Foramen rotundum

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Foramen rotundum of Sphenoid
Sphenoid bone. Upper surface. (Foramen rotundum labeled at center left)
Foramen rotundum.png
Base of the skull. Upper surface. Sphenoid is yellow, and arrows indicate the foramen rotundum.)
Latin foramen rotundum ossis sphenoidalis
TA A02.1.05.035
FMA 53154
Anatomical terms of bone

The foramen rotundum is a circular hole in the sphenoid bone that connects the middle cranial fossa and the pterygopalatine fossa.


The foramen rotundum is one of the several circular apertures (the foramina) located in the base of the skull, in the anterior and medial part of the sphenoid bone.

The mean area of the foramina rotunda is not considerable, which may suggest that they play a minor role in the dynamics of blood circulation in the venous system of the head.[1]


The foramen rotundum evolves in shape throughout the fetal period, and from birth to adolescence. It achieves a perfect ring-shaped formation in the fetus after the 4th fetal month. It is mostly oval-shaped in the fetal period, and round-shaped after birth (generally speaking). After birth, the rotundum is about 2.5 mm and in 15- to 17-year olds about 3 mm in length. The average diameter of the foramen rotundum in adults is 3.55 mm.[2][3]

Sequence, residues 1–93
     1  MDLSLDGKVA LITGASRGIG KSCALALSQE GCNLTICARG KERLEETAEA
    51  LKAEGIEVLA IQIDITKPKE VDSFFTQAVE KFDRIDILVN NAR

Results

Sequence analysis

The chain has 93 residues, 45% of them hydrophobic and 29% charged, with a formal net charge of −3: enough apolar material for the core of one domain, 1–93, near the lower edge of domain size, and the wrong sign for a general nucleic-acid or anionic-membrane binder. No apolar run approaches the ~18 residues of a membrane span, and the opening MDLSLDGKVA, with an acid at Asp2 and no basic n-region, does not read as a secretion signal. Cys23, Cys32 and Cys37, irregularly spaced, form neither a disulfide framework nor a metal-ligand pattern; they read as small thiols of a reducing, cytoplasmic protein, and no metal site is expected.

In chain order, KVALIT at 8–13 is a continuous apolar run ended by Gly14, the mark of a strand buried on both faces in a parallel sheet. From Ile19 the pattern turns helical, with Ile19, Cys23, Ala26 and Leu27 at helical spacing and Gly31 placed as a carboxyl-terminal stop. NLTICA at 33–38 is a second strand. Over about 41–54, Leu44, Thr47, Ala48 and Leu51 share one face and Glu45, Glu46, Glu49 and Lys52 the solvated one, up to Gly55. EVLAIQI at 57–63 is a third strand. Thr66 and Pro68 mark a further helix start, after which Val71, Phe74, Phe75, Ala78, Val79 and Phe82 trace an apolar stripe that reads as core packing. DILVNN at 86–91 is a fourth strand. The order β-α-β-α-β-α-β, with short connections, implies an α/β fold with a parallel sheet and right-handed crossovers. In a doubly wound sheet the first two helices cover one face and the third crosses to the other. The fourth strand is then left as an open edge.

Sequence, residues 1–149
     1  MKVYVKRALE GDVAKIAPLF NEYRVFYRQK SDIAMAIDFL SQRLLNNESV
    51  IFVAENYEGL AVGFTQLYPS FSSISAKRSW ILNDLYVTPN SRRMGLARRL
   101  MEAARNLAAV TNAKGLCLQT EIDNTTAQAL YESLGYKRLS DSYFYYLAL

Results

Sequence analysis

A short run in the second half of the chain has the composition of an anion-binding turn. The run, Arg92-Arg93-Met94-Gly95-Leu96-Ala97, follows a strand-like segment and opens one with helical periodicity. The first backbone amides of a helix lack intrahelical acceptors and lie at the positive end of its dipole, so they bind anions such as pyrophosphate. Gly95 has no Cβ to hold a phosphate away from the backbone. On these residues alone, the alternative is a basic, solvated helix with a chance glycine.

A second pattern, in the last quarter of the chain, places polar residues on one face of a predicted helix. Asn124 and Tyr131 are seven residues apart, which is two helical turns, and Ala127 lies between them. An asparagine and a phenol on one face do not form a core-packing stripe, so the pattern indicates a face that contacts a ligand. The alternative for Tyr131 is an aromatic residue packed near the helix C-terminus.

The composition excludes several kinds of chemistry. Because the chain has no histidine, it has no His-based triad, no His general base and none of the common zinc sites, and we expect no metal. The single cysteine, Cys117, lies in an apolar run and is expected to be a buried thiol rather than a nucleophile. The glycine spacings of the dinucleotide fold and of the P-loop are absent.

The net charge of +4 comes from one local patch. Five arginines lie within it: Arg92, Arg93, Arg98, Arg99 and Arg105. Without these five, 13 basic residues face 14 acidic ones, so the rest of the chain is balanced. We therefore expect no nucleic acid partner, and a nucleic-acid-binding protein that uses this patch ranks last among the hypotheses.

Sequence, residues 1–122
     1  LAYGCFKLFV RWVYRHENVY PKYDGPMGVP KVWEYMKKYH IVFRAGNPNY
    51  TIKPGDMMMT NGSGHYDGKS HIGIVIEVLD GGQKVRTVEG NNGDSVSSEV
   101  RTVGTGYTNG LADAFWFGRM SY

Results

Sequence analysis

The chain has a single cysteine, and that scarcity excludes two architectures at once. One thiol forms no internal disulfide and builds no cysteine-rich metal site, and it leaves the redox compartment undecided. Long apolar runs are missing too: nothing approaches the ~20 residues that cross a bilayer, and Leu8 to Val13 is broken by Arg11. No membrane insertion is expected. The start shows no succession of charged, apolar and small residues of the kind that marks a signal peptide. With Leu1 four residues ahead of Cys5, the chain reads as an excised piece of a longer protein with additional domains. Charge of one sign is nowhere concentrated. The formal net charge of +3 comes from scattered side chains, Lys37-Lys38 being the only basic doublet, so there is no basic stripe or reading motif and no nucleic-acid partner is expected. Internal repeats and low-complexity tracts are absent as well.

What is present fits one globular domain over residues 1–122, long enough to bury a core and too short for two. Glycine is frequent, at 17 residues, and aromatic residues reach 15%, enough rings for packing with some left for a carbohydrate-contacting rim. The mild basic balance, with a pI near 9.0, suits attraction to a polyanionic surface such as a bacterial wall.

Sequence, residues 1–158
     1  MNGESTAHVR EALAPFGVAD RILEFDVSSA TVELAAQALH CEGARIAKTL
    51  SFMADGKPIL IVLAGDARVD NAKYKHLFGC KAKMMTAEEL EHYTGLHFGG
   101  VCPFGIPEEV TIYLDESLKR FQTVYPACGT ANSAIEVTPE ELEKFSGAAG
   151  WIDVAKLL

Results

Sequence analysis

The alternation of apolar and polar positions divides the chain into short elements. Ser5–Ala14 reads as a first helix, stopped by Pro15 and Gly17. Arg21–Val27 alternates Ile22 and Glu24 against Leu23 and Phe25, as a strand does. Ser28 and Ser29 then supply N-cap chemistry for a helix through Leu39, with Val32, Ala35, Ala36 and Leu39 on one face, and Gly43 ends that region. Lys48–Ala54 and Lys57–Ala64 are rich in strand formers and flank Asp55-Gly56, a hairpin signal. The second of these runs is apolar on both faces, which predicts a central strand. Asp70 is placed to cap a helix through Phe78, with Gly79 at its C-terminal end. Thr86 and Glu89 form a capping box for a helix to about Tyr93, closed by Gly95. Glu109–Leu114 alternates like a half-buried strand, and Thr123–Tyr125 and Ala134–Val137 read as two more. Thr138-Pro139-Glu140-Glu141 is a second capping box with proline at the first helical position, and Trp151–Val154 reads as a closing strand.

The maxillary branch (V2) of the trigeminal nerve (CN V) passes through and exits the skull via the pterygopalatine fossa and the foramen rotundum.



Foramen is the Latin term designating a hole-like opening. It derives from the Latin forare meaning to bore or perforate. Here, the opening is round as indicated by the Latin rotundum meaning round.

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This article incorporates text in the public domain from the 20th edition of Gray's Anatomy (1918)

  1. ^ Reymond J, Charuta A, Wysocki J (2005). "The morphology and morphometry of the foramina of the greater wing of the human sphenoid bone". Folia Morphologica. 64 (3): 188–93. PMID 16228954. 
  2. ^ Yanagi S (1987). "Developmental studies on the foramen rotundum, foramen ovale and foramen spinosum of the human sphenoid bone". The Hokkaido Journal of Medical Science. 62 (3): 485–96. PMID 3610040. 
  3. ^ Lang J, Maier R, Schafhauser O (1984). "Postnatal enlargement of the foramina rotundum, ovale et spinosum and their topographical changes". Anatomischer Anzeiger. 156 (5): 351–87. PMID 6486466. 

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